He could not say much about the future of the battalion, but he gave the warning that the hard fighting which was just over, and the period of rest which was probably to come, did not mean that the battalion had seen the last of the war. On the contrary, almost everyone was likely to be committed again in the near future, and should prepare for that event. The loss of the Commanding Officer was deeply felt; the battalion had always had complete confidence in him as a soldier, and his words today made everyone realise how carefully he had looked after his men and considered their true interests. At the same time, satisfaction was felt at his magnificently deserved promotion.

At 1230 hrs the battalion embussed for the railhead at Castellammare - the first stage of the homeward journey, of which indeed the very short distance to Naples appeared to be the most complicated stage. The train was made up of dual-purpose (i.e. horse or human) Italian trucks, and from the time at which the last man reached the station, at about 1630 hrs, there was a delay of four hours before the train actually left. At 2030 hrs we began to move, very slowly, on the way to Naples.

Monday 10th April 1944

At 0030 hrs the train pulled in to the Garibaldi Station, Naples. The first signs of life appeared at about 0415 hrs, at which time cooling began on the platform, and a certain amount of shaving was attempted. When everyone had eaten at 0615, the battalion formed up by companies, and marched out through Naples to the docks. We were compelled to halt for a time just before we got there, as our ship was a large one and we were among the last to embark; without much delay, however, we marched to "E" pier, and on to the "Capetown Castle" - 27,000 tons or so, owned by the Union Castle line. Master, Captain T. Thornton; OC troops, Lieutenant-Colonel O'Connor, MC K.O.Rs.

There were about 5,000 troops aboard, mostly American, and among them the 3rd Battalion 504 Paratroop Regiment, US Army, who fought with the battalion on the bridgehead. The battalion, with the exception of Officers, Warrant Officers, and full Sergeants, was accommodated on 'C' deck.

By 0900 hrs everyone was established on board, and after an early breakfast and a march, quite ready for the next meal: enquiring revealed that it could be expected at 1700 hrs. At first it was felt that this could not be true, but true it was. Owing apparently to the number of troops on board, only two meals a day were served, at 0900 and 1700 hrs. However, both the quantity and quality of these meals was usually excellent, and there was a ship's canteen to fill the gap.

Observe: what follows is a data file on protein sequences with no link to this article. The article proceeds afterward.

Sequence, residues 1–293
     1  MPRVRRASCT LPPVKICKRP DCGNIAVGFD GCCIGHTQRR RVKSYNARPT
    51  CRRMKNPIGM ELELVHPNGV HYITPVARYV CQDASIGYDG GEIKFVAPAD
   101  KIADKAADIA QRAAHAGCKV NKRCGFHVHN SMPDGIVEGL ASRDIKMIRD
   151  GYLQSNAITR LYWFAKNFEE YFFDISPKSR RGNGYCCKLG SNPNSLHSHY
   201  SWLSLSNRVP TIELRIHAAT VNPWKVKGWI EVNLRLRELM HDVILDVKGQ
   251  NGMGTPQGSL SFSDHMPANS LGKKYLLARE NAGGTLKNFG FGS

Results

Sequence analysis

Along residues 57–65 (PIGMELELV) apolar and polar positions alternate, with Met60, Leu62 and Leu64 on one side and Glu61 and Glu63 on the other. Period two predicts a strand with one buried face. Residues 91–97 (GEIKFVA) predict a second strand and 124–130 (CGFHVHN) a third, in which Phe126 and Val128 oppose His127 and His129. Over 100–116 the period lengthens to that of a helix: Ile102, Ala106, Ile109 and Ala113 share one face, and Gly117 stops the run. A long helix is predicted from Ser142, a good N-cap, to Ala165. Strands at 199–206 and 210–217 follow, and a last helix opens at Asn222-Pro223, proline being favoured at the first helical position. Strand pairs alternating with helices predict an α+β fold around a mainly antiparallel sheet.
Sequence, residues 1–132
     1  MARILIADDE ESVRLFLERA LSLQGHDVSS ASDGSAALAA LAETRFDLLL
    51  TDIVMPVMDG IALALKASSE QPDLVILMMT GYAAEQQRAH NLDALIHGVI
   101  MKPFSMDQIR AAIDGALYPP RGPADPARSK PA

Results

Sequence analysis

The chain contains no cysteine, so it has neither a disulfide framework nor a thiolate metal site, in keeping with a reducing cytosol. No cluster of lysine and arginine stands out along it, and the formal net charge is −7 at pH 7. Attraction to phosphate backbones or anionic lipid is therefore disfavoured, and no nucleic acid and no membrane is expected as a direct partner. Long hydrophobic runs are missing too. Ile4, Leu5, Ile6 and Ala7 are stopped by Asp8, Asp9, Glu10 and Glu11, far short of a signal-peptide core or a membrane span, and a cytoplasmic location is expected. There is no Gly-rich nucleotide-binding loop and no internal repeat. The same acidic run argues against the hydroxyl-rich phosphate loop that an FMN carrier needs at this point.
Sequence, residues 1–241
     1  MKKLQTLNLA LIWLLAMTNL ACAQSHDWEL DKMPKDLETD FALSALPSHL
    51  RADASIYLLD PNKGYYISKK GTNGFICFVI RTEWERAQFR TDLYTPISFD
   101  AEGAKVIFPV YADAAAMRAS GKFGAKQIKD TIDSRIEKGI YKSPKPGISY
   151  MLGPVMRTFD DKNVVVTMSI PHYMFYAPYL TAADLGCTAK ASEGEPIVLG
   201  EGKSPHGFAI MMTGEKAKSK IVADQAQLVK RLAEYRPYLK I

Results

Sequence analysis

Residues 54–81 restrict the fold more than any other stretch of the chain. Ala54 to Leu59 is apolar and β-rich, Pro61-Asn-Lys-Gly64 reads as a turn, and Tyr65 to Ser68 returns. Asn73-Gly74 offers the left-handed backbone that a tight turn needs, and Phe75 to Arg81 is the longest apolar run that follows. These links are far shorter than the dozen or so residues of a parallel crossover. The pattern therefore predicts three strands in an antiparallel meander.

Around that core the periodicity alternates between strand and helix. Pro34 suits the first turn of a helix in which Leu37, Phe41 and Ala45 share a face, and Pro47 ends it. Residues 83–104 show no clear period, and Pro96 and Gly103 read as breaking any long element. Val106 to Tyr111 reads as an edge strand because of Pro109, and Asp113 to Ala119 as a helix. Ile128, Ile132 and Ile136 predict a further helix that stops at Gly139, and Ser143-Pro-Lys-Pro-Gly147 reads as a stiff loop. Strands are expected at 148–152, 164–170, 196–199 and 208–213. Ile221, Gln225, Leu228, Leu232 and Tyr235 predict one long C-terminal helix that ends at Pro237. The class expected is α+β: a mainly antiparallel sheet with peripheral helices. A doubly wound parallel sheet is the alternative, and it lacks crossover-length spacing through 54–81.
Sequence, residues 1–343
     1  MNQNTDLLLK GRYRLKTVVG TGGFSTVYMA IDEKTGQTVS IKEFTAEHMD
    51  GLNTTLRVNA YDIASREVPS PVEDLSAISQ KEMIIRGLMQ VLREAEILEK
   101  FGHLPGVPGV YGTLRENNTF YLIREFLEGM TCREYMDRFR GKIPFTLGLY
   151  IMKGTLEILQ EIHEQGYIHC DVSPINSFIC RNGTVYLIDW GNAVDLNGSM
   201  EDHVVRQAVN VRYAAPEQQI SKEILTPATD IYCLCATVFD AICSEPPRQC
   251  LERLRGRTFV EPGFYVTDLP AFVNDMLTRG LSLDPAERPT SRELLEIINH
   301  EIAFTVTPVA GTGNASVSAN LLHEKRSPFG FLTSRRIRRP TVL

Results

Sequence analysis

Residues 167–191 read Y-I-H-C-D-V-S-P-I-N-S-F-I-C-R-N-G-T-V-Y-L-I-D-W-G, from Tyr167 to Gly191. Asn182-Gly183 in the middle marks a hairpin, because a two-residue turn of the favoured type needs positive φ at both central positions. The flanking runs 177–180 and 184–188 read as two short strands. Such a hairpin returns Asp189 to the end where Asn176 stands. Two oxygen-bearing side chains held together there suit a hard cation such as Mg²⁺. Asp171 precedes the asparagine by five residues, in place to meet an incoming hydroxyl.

As soon as the Battalion embarked we provided a guard of six NCOs and ninety-three men, and one guardroom orderly. Rifles were stored in the Ship's Armoury. The perfect cleanliness of the ship was very welcome after the volcanic dust in which we had recently been living.

Tuesday 11th April 1944

Anchor was weighed this morning at 0515 hrs. When people began to appear on deck we were passing between the Isle of Capri and our recent billet area of Sorrento S. Agata. The land on each side looked very pleasant, perhaps because we were (probably) seeing the last of it; but for once the weather was suitably "Mediterranean", and the first boat drills were carried out in warm sunshine.

The ship's Dry Canteen was opened during the day, so that cigarettes etc, were available.

Our ship was on the right flank of the convoy eight or nine ships in all, with a considerable escort of destroyers and, on our starboard bow, a remarkable "converted" craft of no particular class, but well equipped with guns. By early afternoon our accompanying ships were the only features of interest, as we had left Italy behind and not yet arrived within sight of Africa.

Wednesday 12th April 1944

Cap Bon was sighted at 0500 hrs this morning. The weather continues excellent, the sun warm and the sea absolutely still. Just after the start of the lengthy period of boat drill which fills the time normally devoted to lunch, Bizerta came into view. Our boat drill in the early stages has been complicated by the fact that we have frequently found our lifeboats to be full of sleeping soldiery: it is to be hoped that our perseverance in removing them will be rewarded.

This afternoon three naval ratings, recently disembarked at Naples, were discovered on board ship and placed in arrest as stowaways.

Thursday 13th April 1944